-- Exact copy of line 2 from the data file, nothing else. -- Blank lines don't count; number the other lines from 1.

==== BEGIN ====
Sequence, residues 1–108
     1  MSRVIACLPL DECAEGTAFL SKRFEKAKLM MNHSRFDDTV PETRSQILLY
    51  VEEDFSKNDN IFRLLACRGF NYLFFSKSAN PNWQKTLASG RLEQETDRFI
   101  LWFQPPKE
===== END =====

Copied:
     1  MSRVIACLPL DECAEGTAFL SKRFEKAKLM MNHSRFDDTV PETRSQILLY